“ with the Philistines.”p The expression, Psalm xvi. 10, might be explained in the same sense : « Thou wilt “ not leave my soul,” that is, MYSELF. But, what is more in point, Nephesh signifies even a dead animal, or a corpse: “ He that toucheth the dead body of any “ man, shall be unclean seven days :"9 “ Whosoever “ toucheth the dead body of any man that is dead,"? &c. Innumerable phrases of the same sort might be quoted. Why then may we not, with the venerable Beza, in his first edition of the New Testament, understand at least, if not translate, the Psalmist's expression thus; “ Thou wilt not leave my dead body in the grave.” For we have now seen that a dead body is sometimes meant by Nephesh; and from what was formerly said, it is sufficiently evident that Scheol sometimes means the grave.
Xiv. We acknowledge, nevertheless, that, even with respect to the soul, Christ descended into hell; but truly not in that sense which was maintained by several of the ancients, and is now embraced by the Church of Rome. These hold, that the soul of Christ, when separated from the body by death, actually, properly, and locally visited certain subterranean places, either in the abode of the damned, that he might display to the men consigned to everlasting punishment, and even to the Devils themselves, the power of his kingdom, and the victory which he had obtained over sin ;-01 in a kind of Limbus, a region alleged to be situated on the confines of the place of torment, that he might announce to the souls of the fathers the salvation which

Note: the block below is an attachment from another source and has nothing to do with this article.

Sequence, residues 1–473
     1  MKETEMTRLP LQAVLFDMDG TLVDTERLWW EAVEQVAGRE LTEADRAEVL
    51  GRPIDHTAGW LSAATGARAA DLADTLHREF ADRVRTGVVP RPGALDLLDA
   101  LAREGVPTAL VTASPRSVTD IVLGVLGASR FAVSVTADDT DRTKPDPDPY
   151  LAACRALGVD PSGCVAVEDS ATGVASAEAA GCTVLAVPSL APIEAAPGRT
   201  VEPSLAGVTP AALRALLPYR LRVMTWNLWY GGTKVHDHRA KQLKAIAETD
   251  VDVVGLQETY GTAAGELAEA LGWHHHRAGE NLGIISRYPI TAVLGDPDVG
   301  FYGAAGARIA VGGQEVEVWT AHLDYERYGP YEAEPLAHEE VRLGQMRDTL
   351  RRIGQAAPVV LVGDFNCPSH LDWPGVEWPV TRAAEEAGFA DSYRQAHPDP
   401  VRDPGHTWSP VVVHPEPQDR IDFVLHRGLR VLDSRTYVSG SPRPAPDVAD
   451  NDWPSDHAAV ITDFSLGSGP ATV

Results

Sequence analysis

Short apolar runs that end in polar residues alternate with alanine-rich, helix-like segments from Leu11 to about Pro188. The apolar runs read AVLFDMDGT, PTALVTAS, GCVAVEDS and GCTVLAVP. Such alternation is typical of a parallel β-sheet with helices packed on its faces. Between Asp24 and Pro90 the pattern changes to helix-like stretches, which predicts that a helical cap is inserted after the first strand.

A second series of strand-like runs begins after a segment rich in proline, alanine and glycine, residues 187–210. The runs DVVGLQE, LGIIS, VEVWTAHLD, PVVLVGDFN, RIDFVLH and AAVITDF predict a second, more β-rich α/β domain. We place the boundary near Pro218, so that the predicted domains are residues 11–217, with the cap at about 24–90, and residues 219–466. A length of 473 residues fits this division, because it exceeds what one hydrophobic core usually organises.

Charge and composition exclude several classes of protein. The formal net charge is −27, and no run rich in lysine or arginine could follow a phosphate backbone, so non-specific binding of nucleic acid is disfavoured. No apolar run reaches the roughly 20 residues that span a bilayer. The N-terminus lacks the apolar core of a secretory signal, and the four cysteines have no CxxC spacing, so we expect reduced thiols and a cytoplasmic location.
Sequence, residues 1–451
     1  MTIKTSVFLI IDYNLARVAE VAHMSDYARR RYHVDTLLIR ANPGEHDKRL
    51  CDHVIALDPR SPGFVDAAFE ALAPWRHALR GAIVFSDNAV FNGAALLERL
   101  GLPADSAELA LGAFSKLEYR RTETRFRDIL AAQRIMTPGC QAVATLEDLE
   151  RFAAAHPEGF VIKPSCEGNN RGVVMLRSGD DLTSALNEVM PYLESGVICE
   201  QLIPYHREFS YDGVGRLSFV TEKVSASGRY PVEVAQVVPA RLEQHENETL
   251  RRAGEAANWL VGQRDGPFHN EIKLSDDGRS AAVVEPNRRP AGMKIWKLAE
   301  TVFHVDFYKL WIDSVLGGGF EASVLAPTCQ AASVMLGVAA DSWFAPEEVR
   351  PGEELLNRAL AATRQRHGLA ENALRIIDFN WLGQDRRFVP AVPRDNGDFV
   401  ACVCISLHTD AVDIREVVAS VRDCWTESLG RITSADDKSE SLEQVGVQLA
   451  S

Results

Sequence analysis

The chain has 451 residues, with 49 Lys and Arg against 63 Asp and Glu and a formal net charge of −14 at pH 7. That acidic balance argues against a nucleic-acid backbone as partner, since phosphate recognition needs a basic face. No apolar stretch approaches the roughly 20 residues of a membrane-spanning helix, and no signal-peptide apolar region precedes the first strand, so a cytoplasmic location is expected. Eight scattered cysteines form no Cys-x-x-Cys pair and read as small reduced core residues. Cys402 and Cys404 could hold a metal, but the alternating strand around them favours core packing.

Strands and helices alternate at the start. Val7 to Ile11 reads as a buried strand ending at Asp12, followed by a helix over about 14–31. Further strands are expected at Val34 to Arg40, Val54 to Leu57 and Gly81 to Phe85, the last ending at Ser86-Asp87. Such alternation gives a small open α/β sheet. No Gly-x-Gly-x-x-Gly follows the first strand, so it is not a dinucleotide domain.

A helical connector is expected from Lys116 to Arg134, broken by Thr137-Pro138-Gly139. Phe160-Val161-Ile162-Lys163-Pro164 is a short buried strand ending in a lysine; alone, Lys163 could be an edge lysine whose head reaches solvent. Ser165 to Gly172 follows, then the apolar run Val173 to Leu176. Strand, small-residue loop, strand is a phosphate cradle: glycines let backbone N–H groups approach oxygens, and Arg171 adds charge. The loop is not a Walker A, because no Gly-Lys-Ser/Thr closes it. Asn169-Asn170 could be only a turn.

p Judges xvi. 30.
9 07877 WDD . Num. xix. 11.
במת בנפש האדם *
he had procured, and might bring them thence along with him, and exalt them to heaven.
xv. The Scriptures, the only rule of our faith, give us no intelligence respecting any such descent of Christ's soul into hell; nor was such a descent at all necessary or expedient. The Saviour, when about to die, in solemn and express language, commended his spirit into the hands of his Father. s This he did, doubtless, with the same views with which it was done, by David before him, and by Stephen after him :u of the latter of whom, at least, it is certain, that he had no conception of descending to hell. Besides, the same day on which he suffered, Christ assured the penitent thief that he should be with him in paradise. Now paradise is not in hell. Nor is it probable that the soul of Christ,
after conducting the soul of the malefactor to paradise, . straightway left it, descended into hell, called out the fathers, and forthwith hastened back again, and introduced them to heaven; whence, at the commencement of the third day he returned to the body,-having, within so short a period, travelled over the space of the whole world, no less than four times.
XVI. And what purpose could be served by the soul of Christ taking such a journey to the place of the damned? Was making a show of his victory among devils and condemned spirits of so great moment, that he should have preferred an excursion to the centre of the earth to the enjoyment of rest in heaven? Was
that the most proper season for a triumph, when, being Li still bound with the chains of death, he rather resem
• Luke xxiii. 46.
" Acts vii. 59. VOL. II.
Ps. xxxi. 5.